When the casualties started to arrive in Huddersfield on 30 October 1914, they were initially taken to the Royal Infirmary, the newly established 30 bed hospital at Durker Roods, Meltham and to smaller nursing homes at Trinity Street, Huddersfield and Bradley Lane. Very soon, a small number of beds were created at Honley and Holmfirth and these later became larger auxiliary hospitals. In November 1914 a wealthy textile manufacturer, Charles Sykes, helped to equip Lightridge House, at Fixby, as a 12-bed hospital.
Beds at Honley were later increased to 50, beds at the Holmfirth Hospital rose to 70 and another 5 were added at Lightridge House. However, Lightridge house was closed in November 1917 following the decision to close all hospitals with less than 25 beds.
The pressure for beds continued to increase in Huddersfield and Charles Sykes joined with the Mayor of Huddersfield in a campaign to set-up a large War Hospital at Royds Hall, Paddock to accommodate 600 patients.
In 1915, the Huddersfield Borough Council set up an appeal to raise £30,000, an extremely large amount in those days, to convert some of the buildings and build new wards. At the initial meeting £12,000 was pledged and within five weeks £21,000 had been raised. The National Archives calculator suggests that £30,000 in 1914 would equate to £1,769,766 in 2017.
The additional wards were built in the grounds of Royds Hall and were constructed from asbestos and timber – one side of each ward had canvas shutters to let in the fresh air. The hospital was ready within 3 months from the start of the appeal and was handed over to the military as a fully functional hospital on 4th October 1915. The hospital was named the Huddersfield War Hospital and was opened by the Mayoress of Huddersfield. It was a testament to all the people of Huddersfield worked tirelessly to raise the necessary funds to build the hospital and provide all the equipment and accessories.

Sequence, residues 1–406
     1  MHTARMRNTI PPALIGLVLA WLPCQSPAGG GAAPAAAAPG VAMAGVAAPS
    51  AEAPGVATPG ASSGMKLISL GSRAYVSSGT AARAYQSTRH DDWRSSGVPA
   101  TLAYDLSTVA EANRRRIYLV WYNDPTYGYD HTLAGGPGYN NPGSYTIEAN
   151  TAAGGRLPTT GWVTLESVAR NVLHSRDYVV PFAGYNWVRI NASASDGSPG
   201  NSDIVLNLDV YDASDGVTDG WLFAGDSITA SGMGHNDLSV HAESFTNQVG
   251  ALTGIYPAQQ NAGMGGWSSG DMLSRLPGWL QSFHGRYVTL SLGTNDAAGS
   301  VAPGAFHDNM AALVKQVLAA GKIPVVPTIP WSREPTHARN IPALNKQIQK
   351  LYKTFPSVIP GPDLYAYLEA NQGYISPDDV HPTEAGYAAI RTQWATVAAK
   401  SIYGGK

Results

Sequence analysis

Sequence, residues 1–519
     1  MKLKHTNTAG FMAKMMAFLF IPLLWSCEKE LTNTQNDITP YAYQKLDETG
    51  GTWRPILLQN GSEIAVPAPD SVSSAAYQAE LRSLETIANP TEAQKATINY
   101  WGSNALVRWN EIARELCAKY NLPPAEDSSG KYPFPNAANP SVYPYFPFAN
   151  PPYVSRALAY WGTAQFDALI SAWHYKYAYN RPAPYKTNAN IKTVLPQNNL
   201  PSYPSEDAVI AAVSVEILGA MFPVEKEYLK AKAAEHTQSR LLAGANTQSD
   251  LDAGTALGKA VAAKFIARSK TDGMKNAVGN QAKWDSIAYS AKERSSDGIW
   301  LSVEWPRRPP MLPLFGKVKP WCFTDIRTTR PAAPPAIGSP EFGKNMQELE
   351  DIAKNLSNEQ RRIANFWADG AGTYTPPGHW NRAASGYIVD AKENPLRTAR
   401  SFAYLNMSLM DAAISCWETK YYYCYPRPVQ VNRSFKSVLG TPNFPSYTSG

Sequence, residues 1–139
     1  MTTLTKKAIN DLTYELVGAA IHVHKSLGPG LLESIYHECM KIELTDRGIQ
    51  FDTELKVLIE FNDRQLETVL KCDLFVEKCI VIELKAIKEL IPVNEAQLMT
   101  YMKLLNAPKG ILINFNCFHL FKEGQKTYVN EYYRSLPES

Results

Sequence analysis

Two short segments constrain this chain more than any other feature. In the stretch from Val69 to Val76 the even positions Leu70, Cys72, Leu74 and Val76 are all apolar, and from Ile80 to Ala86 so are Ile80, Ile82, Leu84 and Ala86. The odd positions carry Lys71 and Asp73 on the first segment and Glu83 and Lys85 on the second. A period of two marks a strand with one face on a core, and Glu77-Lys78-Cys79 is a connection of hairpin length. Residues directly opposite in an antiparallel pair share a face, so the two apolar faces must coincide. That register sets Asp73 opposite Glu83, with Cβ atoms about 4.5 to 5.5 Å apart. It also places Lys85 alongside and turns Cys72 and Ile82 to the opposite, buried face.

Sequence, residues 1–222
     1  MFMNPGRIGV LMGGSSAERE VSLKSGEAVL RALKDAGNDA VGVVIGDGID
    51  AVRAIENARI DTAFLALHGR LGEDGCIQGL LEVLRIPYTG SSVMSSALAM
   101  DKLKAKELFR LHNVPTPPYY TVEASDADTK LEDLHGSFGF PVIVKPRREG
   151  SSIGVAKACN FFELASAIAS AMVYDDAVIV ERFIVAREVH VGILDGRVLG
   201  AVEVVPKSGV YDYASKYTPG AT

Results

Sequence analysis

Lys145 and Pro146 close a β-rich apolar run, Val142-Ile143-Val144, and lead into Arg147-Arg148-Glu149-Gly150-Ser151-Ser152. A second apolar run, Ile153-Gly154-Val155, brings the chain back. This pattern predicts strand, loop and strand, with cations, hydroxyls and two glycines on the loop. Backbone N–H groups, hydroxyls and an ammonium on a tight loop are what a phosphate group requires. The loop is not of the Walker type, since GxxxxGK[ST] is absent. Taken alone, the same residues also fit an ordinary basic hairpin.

Although the number of beds in Huddersfield had been increased, the War Office still needed more accommodation across the area. Durker Roods was closed as soon as the Huddersfield War Hospital opened, but beds at Honley and Holmfirth were increased.
The Kirkburton Hospital, housed in the Drill Hall at Shelley Lane, was opened on 29th November 1915 with initially 20 beds.
In May 1916 an 18-bed auxiliary hospital was opened at Shepley and the accommodation was later increased to 30 beds. In September 1916, the first Lepton hospital was opened with just 12 beds but closed in late 1917 following the decision to close all hospitals with under 25 beds. In December 1916, the 50 bed Denby Dale and Cumberworth, Skelmanthorpe and Clayton West Joint Convalescent Hospital was opened in the Victoria Hall at Denby Dale.
In 1917 Bradley Sanatorium and the Huddersfield Drill Hall were also opened as Auxiliary Hospitals to accommodate the increasing number of casualties. A second hospital was opened in Lepton with 40 beds in July 1918.
Sources: British Red Cross, Huddersfield In The Great War by Vivien Teasdale, Huddersfield Weekly Examiner, Dr Graham Thurgood of Huddersfield University